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a wide approach road to three enormous pyramids before parking in front of the biggest one. Angus held his breath. He’d already seen the pyramids in books and on the poster in their classroom. But only now could he see how big they were. He stared at the massive stone hulks in front of him in awe. All those stone blocks, each one was bigger than he was! And heavier of course. How had they stacked up those mega blocks so neatly and then in a perfect pyramid? They certainly hadn’t had calculators or big cranes four thousand years ago. It wasn’t surprising that Dummie was so proud. Those ancient Egyptians were pure geniuses! Dummie jumped out of the van with a cry of delight, ran to the pyramid and began to climb it. “Hey, is that allowed?” Nick cried. “Dummie!” Dummie turned around, held his arms up in the air and shouted. “Maashi! Ghere it is! My country! My ghome is still ghere! I am back! Ghoorah!” He leapt from one stone to the next like a madman. “Ghoorhah! Darwishi Ur-Atum Msmaki Minkabh Ishaq Eboni is back!” “What was that he said?” grinned Mr Greystone. “Oh, that’s Egyptian dialect. He’s just happy,” Nick said. “Angus, go after him, will you?” Angus didn’t need to be told twice. He ran to the pyramid just like Dummie had done and started climbing. After a couple of blocks, he stopped to catch his breath. How hot it was! And this was just the morning. Above him Dummie climbed higher and higher. “Yoo-ghoo! Angus! Look!”
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Sadihotep The museum was a big pink building in the city centre. Nick bought three tickets, they went through an enormous door and then found themselves in a massive hall. Angus’ mouth fell open. The hall was filled with statues, statues and more statues. They were enormous, some of them six times as big as he was. There were hundreds of people looking at the statues and there were groups with guides all shouting at the same time. It was horribly busy. “Wait here a mo’,” said Nick. He went away and came back with a brochure containing a map of the museum. “More than a hundred thousand objects,” he read out loud. “Well, that will keep us busy. Shall we start with the statues then?” This was safe enough, Angus thought. The statues came from temples and not graves. Hopefully Dummie wouldn’t be angry if they found a statue of Akhnetut. “That cartouche, Dad, that signature. That’s what we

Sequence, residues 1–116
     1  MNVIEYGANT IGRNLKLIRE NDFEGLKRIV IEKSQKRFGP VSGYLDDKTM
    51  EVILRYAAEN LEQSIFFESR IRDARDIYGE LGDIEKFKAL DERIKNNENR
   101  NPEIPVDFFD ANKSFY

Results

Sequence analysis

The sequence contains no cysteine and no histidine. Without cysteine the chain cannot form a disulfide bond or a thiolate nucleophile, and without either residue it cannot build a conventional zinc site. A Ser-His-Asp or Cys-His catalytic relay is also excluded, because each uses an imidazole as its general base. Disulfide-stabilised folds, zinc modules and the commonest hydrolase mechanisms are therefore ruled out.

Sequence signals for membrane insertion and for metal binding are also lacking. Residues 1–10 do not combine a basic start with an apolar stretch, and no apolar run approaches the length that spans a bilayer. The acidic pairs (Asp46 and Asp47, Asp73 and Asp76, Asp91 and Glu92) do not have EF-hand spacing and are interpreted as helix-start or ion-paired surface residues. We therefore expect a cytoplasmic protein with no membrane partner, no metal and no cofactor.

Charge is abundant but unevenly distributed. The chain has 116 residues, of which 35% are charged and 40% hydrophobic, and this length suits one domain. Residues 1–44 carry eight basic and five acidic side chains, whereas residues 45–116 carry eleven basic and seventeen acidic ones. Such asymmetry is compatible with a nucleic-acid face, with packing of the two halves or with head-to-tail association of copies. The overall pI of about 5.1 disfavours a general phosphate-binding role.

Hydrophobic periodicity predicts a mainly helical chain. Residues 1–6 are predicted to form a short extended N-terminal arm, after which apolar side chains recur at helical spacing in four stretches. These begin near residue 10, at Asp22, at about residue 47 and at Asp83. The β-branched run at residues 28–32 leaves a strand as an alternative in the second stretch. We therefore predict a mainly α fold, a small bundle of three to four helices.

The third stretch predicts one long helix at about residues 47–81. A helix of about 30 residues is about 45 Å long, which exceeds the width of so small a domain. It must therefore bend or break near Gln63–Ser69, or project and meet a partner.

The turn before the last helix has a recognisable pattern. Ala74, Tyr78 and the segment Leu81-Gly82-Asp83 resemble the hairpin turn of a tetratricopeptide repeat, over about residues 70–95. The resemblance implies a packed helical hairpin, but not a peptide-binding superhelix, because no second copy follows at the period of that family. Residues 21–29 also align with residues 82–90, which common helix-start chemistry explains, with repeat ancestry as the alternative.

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have to look for.” They got out their cards with Akhnetut’s cartouche and began to walk. Some of the statues had a cartouche on their pedestal, and others on their clothes or a bracelet. But some didn’t have a cartouche at all. “Dummie, did your dad have a statue like this?” Angus asked. “I don’t know,” said Dummie hesitantly. “I think so. Statues of all pharaohs were in temple. That one too. And that one.” Angus glanced at the statues Dummie was pointing at, but their cartouches didn’t look anything like Akhnetut’s. It wasn’t surprising that Dummie was wrong, they all looked the same. Nick paused to listen to a guide speaking English. “And?” Angus asked. “I couldn’t understand all of it,” said Nick. “But the ones with the weird goatees are pharaohs. And if they have two crowns they ruled over North and South Egypt. And they all look alike because they wanted to be remembered after their deaths as beautiful young people. Something like that.” “That won’t help us much,” Angus said. “No,” Nick said. “But it is interesting.” They carried on and passed more statues without a cartouche, all kinds of objects in glass cases and large stone sarcophagi. After half an hour, Angus started to feel dejected. They could spend a whole week in here and still they wouldn’t have seen everything. Dummie walked from one statue to the next and then to a display case. Apparently he’d forgotten how angry he was. “Is nice! Is all from my ghome!” he said proudly.